An 'Arthur Daley' type used-car salesman who had his conviction for IRA membership regarding a foiled bomb plot on a PSNI officer quashed wants his case declared a miscarriage of justice.
Robert O’Leary (44) was originally arrested after a car he sold was later used by dissident Republicans in the botched bombing operation against the officer in Belfast.
He was jailed for three years following a Special Criminal Court trial in October 2020 in which he was found guilty by the three-judge court of being a member of a group styling itself as the Irish Republican Army, otherwise Óglaigh na hÉireann, at a location within the State in August 2019.
The conviction, however, was quashed after it emerged Mr O’Leary’s lawyers weren’t told by the prosecution that the chief trial witness against their client was a convicted drug dealer.
The President of the Court of Appeal, Mr Justice George Birmingham, said at a hearing in January 2022 that an investigation was merited after he was told the DPP was not opposing Mr O’Leary’s appeal against the conviction.
After his successful appeal, Mr O’Leary, of Clancy Road, Finglas, Dublin, called for an end to the Special Criminal Court after describing the ordeal of being “jailed for a crime I did not commit” by the non-jury court as “horrific”.Mr O'Leary also vowed not to allow his case "to be swept under the carpet".
Miscarriage of justice
On Friday, at the Court of Appeal, Bernard Condon SC, for Mr O'Leary, said that his client would be seeking a certificate of a miscarriage of justice under Section 9 of the Court of Appeal Act 2014.
Mr Condon said certain matters regarding the affidavit had yet to be finalised and were "sensitive" in nature. Mr Condon said an edited affidavit would be lodged with the court.
Mr Justice George Birmingham adjourned the matter to February 17 for mention.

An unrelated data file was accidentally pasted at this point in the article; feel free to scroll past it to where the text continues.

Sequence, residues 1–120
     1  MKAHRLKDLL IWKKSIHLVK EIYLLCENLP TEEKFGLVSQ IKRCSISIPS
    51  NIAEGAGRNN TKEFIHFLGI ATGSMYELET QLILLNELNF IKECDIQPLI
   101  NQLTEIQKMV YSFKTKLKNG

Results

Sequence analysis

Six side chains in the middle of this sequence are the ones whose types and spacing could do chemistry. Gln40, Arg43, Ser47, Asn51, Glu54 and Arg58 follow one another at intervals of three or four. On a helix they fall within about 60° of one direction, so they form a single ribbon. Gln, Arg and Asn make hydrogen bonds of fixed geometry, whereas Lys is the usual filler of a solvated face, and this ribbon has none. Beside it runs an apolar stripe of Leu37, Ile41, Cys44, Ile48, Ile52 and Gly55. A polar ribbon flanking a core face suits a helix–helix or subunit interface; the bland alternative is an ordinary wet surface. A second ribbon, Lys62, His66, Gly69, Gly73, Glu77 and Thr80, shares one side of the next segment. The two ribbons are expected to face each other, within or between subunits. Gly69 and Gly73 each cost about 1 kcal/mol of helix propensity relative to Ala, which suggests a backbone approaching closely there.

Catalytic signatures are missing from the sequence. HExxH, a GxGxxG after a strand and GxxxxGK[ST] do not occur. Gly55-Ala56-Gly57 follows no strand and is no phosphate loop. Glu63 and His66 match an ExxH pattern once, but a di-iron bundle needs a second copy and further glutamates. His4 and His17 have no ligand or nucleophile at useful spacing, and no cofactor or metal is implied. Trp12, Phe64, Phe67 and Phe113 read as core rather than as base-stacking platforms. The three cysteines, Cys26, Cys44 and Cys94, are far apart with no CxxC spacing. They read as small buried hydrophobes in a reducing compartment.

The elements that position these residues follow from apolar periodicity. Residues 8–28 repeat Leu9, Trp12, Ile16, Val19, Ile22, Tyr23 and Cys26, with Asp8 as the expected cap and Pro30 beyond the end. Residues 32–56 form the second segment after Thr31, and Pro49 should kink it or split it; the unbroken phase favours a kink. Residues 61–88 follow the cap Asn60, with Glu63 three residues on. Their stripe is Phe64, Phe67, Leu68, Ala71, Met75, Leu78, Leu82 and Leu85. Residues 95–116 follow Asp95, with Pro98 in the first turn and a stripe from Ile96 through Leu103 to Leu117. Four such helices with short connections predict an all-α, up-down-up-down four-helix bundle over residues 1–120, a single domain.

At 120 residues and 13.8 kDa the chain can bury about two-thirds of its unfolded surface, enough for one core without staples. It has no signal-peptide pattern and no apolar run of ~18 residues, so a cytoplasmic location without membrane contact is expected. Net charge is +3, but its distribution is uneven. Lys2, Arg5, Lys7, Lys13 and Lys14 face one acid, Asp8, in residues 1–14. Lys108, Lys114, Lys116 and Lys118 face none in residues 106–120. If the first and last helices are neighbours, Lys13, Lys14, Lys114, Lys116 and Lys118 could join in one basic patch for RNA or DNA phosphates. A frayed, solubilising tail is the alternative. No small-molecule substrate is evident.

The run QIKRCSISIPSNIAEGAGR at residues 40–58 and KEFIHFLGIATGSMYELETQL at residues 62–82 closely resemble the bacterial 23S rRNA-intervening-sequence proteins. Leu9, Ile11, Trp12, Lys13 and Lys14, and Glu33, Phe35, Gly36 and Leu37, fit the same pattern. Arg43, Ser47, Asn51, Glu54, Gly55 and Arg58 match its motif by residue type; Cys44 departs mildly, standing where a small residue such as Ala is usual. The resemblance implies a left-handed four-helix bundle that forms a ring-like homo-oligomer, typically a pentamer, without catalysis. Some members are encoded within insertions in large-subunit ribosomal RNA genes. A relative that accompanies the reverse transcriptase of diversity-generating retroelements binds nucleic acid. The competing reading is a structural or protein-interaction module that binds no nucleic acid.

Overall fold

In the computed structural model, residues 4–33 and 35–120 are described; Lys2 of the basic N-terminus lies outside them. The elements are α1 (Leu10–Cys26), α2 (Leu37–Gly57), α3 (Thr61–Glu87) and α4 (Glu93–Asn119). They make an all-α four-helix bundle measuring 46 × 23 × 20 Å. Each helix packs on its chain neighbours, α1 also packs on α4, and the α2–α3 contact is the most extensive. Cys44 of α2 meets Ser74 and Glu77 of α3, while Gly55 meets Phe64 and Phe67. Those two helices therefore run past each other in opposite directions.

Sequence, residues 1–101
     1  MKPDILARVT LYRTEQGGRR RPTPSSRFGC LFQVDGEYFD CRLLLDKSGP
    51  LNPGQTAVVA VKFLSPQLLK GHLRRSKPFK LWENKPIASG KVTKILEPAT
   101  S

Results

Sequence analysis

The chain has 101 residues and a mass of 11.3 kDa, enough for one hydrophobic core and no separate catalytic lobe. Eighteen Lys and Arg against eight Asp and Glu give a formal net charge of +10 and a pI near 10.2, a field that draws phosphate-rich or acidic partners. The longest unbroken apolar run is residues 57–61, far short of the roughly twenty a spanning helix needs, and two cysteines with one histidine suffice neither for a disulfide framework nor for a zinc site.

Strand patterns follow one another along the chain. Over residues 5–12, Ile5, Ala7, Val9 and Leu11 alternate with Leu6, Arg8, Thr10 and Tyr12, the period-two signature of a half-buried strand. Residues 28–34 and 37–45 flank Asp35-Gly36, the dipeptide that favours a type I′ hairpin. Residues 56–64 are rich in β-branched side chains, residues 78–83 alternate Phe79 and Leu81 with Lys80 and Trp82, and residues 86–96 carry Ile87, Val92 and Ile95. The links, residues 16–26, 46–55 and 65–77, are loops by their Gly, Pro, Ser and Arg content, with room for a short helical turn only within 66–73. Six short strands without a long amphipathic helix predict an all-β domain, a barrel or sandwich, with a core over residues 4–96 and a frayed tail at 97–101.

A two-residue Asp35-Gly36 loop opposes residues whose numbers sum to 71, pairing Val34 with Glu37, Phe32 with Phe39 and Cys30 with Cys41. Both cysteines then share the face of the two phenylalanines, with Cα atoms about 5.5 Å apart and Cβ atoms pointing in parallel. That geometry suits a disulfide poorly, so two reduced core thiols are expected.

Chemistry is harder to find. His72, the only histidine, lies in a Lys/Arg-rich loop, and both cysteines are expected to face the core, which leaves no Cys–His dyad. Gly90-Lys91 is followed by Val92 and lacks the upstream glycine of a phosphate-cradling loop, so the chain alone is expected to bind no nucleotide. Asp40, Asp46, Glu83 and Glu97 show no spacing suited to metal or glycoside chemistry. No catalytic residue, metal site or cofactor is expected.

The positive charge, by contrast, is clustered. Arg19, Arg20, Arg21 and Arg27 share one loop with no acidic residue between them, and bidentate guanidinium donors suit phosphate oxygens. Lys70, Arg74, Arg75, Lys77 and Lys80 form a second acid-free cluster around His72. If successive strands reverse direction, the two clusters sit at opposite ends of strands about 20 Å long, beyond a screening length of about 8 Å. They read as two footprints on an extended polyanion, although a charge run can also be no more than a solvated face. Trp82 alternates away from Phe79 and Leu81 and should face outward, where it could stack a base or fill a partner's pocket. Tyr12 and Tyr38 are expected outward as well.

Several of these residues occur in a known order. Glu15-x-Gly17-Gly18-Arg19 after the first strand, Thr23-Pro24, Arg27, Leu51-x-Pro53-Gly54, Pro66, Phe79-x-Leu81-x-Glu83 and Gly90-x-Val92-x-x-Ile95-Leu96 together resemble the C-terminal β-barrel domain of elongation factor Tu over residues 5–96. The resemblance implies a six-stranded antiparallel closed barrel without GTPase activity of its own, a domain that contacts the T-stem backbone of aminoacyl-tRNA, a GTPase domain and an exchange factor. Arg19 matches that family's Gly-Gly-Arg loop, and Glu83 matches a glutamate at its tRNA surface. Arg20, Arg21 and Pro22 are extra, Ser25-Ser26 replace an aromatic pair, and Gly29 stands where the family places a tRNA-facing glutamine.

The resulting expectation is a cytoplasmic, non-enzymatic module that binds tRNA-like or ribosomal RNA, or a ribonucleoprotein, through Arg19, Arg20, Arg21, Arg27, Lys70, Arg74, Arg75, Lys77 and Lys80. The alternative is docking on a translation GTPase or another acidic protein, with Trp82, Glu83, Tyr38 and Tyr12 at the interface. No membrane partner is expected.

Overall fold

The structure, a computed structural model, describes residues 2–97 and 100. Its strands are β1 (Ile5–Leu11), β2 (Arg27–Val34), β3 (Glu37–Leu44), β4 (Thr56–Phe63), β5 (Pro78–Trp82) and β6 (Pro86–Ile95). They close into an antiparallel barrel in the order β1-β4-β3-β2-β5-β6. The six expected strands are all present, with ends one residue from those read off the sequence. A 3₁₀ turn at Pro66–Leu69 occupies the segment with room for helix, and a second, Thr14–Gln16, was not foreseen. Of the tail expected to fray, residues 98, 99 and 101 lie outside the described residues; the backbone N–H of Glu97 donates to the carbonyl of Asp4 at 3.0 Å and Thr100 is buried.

At Mr O'Leary's trial, the prosecution claimed a Skoda Octavia car used by the New IRA when they placed a bomb under a PSNI officer's Jeep at Shandon Park Golf Club, Belfast, in June 2019 had been supplied by Mr O’Leary.
The court was told Mr O’Leary had informed gardai he had bought the Skoda Octavia for €750 before selling it “two or three days” later.
Comparing himself to the Arthur Daley character from the 1980s comedy series ‘Minder’, he told officers that his main business was panel beating but he would also “flip” used cars for as little as €200.
Mr O’Leary later launched an appeal on the grounds that a newly-discovered fact had meant his conviction was unsafe.
Convicted drug dealer
In a submission to the Court of Appeal, lawyers for Mr O’Leary said the State’s chief witness against their client, Nik Kasapi (40), was a convicted drug dealer.
Kasapi, according to the defence, had pleaded guilty to two counts of being in possession of a quantity of drugs for sale or supply at Dublin Circuit Criminal Court in May 2016 and was sentenced to two years and six months’ imprisonment.
Kasapi, aka Armin Kasapovic, was also named in the legal papers as the owner of a company called Millennium Motors and that he was wanted in Montenegro for drug offences involving the sale or supply of €2m worth of cannabis.
“If these facts had been known in advance of trial, they would have impacted on the witness’s credibility,” the defence submission stated.
Mr O’Leary said there had been “no evidence” against him and “the case should never have come to court”.
“I was locked up for a year and a half for a crime I did not commit,” he said.
“The impact this has had on my family, my business, has been horrific. I sold a car legally. When did that become a crime?”
Mr O’Leary added that it was “not the end of the matter” as far as he was concerned.
“This won’t be swept under the carpet,” he said. “If ever there was a case which highlighted that there shouldn’t be a Special Criminal Court, it is mine.”